Harford workers to get no pay raises

March 05, 1991|By Thom Loverro | Thom Loverro,Sun Staff Correspondent

BEL AIR -- Harford County employees have fallen victim to the tough economic times facing government leaders statewide, as County Executive Eileen M. Rehrmann said yesterday that no pay raises will be coming in the next budget year.

Citing declining revenues and a depleted budget surplus, Mrs. Rehrmann said she was freezing the salaries of more than 1,000 county workers to avoid laying off people to meet the county's budget needs, though she did not guarantee no layoffs would be forthcoming.

"There are no absolutes, but we believe that this action we have taken will avoid layoffs," she said. "We'll have a very lean budget. I believe we will be able to preserve every job. That was the No. 1 priority I had."

The freeze for the next budget year, which starts July 1, includes merit awards and cost-of-living raises, but does not affect fringe benefits, Mrs. Rehrmann said. She also asked that similar steps be taken for other agencies that receive county money but are not under her administration, such as the Board of Education, Harford Community College and the county library system.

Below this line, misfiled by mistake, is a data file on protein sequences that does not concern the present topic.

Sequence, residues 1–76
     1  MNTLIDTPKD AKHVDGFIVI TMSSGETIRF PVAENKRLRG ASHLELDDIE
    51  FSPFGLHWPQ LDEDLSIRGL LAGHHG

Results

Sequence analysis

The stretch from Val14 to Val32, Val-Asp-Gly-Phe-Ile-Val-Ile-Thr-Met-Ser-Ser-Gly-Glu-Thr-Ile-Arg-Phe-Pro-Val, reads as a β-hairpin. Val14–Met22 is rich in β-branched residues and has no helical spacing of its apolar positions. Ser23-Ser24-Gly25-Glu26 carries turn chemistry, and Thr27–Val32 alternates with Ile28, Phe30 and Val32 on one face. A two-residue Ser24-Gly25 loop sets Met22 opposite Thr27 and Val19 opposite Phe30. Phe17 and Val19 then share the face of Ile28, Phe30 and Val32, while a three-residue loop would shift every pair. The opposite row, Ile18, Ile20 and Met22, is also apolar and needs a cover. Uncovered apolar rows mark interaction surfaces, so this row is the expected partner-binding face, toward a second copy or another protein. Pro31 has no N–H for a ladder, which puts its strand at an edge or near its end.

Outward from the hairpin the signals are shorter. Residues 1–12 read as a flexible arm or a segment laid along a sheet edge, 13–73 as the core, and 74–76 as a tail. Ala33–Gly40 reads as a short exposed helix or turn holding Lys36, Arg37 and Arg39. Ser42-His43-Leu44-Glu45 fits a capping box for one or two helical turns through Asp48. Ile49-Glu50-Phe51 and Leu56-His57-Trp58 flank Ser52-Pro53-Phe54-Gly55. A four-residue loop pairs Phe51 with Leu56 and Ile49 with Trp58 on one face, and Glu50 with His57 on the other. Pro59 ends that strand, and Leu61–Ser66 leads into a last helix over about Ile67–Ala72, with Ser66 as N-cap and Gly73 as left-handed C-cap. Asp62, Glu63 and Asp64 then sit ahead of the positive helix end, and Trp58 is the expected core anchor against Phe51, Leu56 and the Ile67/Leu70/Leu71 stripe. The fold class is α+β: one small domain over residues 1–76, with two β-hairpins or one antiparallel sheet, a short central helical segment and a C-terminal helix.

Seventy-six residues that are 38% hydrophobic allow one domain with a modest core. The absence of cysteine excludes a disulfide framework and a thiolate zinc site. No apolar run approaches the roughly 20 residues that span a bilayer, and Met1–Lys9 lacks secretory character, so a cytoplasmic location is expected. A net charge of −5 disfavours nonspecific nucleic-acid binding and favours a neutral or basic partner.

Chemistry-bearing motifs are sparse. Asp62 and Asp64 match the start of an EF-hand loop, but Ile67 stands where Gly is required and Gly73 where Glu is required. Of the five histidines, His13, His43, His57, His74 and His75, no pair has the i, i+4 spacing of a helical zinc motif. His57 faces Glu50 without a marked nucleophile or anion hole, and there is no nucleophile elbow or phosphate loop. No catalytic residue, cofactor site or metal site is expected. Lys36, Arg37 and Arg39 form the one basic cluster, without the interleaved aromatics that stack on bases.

Representatives from three unions -- the American Federation of State, County and Municipal Employees, the Maryland Classified Employees Association and the Harford County Deputy Sheriff's Union -- met with Mrs. Rehrmann yesterday morning to go over the county's financial problems.

Thomas B. Kelleher, senior council representative of AFSCME Council 67, which represents about 180 county workers, said they planned to work with the county executive on ways to cut spending.

He said his union asked for more budget information and they are meeting with union leaders "to try to find ways of obtaining additional funding for all workers. We are trying to find any areas that could be changed" to save money, he said.

Overall, Mr. Kelleher said his union was "very pleased that there will be no layoffs projected for next year and no rollback of benefits."

Joseph H. Cook, director of field services for MCEA, which represents more than 100 county workers, said the union planned to go over county budget figures to see if step increases for workers could still be granted.

"We believe those pay increments should be treated differently," he said. "If there was any positive part of our meeting, it was that she did say if there was any way to fund them, she would."

Mrs. Rehrmann said in additionto the salary freeze, county officials were taking several steps to make sure the government remained fiscally sound. She said several capital improvement projects, including $500,000 for an animal control building, would be delayed.

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